The Republic of Benin is a West African country located between Togo and Nigeria. Benin’s population of 12.3 million people has low levels of literacy. In 2018, over half of general adults were illiterate while adults ages 15-24 were nearly two-fifths illiterate. This low literacy level signifies an increased need for development in the classroom so more students are able to learn how to read at a young age and in different ways. In fact, the Beninese government allocates more funds to education each year. This increased funding can also be used in varied ways since technology increases literacy rates in Benin if used properly in the classroom.
Growth in Education
Benin was formerly a French colony and achieved independence on August first, 1960. After the collapse of the Marxist government in 1989, Benin formed a more democratic government, which resulted in a new constitution and the formation of the Republic of Benin. Along with this new democracy came more programs to improve the education system. More advances include increased access to education for children and better teaching and learning conditions. Since then, the education system has become more public and secular. There are now many government ministries dedicated to education including the Ministry for Primary and Secondary Education and the Ministry for Higher Education and Scientific Research.
Many international organizations have offered economic and technical support that has resulted in new changes in the classroom. The United Nations Economic Commission for Africa (UNECA) and the International Development Research Centre of Canada (IDRC) helped fund Benin’s 2005 National Information and Communication Infrastructure Plan. One goal of this plan was to prioritize education and training. The Global Learning and Observations to Benefit the Environment (GLOBE) initiative launched to increase Information and Communications Technology (ICT) usage in some primary and secondary schools in Benin. In order to directly increase literacy, Benin and Cooperation Suisse, a supporting organization, created the Literacy Support Unit. This organization was created to communicate between citizens and the government’s Literacy Service Agency.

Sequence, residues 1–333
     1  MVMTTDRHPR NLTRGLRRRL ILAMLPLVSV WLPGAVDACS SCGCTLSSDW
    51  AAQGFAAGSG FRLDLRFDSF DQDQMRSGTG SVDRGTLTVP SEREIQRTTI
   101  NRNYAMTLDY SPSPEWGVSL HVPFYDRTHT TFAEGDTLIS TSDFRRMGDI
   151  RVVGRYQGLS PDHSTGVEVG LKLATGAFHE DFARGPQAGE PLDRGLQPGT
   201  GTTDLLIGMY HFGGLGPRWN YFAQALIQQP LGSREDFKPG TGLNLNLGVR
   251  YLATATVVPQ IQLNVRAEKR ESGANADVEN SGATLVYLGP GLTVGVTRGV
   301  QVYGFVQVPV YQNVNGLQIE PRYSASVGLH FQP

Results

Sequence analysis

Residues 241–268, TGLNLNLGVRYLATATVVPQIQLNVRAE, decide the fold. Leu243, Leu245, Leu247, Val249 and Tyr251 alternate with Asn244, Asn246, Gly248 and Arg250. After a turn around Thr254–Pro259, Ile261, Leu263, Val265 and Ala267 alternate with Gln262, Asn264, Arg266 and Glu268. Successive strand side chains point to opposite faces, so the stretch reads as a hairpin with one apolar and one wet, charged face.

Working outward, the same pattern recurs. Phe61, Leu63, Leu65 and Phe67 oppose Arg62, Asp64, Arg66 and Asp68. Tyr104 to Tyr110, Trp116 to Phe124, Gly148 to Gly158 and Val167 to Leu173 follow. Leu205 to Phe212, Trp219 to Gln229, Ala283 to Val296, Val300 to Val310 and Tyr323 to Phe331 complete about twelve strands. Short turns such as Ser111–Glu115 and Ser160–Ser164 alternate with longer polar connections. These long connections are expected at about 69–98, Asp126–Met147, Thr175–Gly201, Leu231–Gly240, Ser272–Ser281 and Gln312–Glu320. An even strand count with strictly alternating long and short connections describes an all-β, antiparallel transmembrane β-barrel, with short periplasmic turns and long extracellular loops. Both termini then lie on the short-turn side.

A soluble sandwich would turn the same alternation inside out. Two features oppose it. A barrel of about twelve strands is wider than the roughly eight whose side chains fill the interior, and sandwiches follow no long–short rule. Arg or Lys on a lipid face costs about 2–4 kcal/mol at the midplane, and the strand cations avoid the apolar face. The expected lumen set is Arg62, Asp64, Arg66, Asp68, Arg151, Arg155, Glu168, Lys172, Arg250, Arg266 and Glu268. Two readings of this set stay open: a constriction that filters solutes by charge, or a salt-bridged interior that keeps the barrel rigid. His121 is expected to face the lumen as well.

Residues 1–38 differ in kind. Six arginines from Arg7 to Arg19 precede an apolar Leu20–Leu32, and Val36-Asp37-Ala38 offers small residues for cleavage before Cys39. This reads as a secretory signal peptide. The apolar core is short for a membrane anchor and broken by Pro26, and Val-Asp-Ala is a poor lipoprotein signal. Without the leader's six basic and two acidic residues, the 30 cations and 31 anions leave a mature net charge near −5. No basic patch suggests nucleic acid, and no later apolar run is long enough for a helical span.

Need for Technology Improvement
Benin was the first West African country to connect to the Internet in 1995. However, there is a technological gap that exists within the country. According to a 2019 survey, citizens were asked if they had used the Internet in the past three months; less than 20% had used the Internet during this time frame. Low levels of Internet usage persist due to the cost of equipment and unstable electricity. A lack of education on the Internet also results from the unregulated curriculum of ICT. However, some NGO programs, among others, have begun implementing training programs, for literacy and beyond as the government attempts to increase ICT education.
Technology Programs for the Classroom
Hopes are that technology access increases literacy rates in Benin. Since technology allows for an individual and customizable experience, students are able to interact with their education more. Technology can result in more student-driven learning due to the more opportunities technology provides. There are many programs students can use in the classroom, including digital learning games for vocabulary or spelling and electronic word references. Apps like Scribble also allow students to collaborate and work together to annotate via technology. Increasing the usage of technology in the classroom is only one way for the country of Benin to increase its literacy rates.
Benin created an Education Sector Plan for 2018-2030 that will increase access and quality education for its citizens. The World Bank has also provided a COVID-19 pandemic grant to support Benin’s Ministry of Education. One nonprofit organization in Switzerland, Graines de Paix, is working toward training teachers and social workers in quality education. In total, the organization plans to train 1,800 teachers. More teacher training allows for a more impactful education for students, in turn, increasing literacy rates.
Literacy not only promotes learning but also improves the economy. This correlation shows how important literacy is in reducing poverty levels. Benin continues to rise in literacy levels due to its investment in education. It also has improved its education through more government funding, programs and teacher training. As a result, more schools have begun to implement technology in the classroom. Due to the impact technology can have on literacy, technology in the classroom could critically increase literacy rates in Benin.
– Mia Banuelos